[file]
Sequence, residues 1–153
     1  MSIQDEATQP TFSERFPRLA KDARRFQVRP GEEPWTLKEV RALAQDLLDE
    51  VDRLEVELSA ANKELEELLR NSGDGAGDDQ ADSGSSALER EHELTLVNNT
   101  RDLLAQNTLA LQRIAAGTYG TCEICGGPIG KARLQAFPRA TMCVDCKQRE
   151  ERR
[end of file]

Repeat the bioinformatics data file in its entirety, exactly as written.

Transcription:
Sequence, residues 1–153
     1  MSIQDEATQP TFSERFPRLA KDARRFQVRP GEEPWTLKEV RALAQDLLDE
    51  VDRLEVELSA ANKELEELLR NSGDGAGDDQ ADSGSSALER EHELTLVNNT
   101  RDLLAQNTLA LQRIAAGTYG TCEICGGPIG KARLQAFPRA TMCVDCKQRE
   151  ERR